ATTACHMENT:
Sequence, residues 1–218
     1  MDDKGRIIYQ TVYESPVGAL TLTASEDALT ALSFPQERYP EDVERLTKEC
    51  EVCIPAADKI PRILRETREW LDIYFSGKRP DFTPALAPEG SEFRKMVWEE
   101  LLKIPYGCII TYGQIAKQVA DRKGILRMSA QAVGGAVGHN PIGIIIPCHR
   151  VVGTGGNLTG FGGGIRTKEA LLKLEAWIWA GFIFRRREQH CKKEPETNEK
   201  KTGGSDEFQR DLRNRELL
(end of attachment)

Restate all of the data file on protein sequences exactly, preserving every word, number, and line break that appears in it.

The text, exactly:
Sequence, residues 1–218
     1  MDDKGRIIYQ TVYESPVGAL TLTASEDALT ALSFPQERYP EDVERLTKEC
    51  EVCIPAADKI PRILRETREW LDIYFSGKRP DFTPALAPEG SEFRKMVWEE
   101  LLKIPYGCII TYGQIAKQVA DRKGILRMSA QAVGGAVGHN PIGIIIPCHR
   151  VVGTGGNLTG FGGGIRTKEA LLKLEAWIWA GFIFRRREQH CKKEPETNEK
   201  KTGGSDEFQR DLRNRELL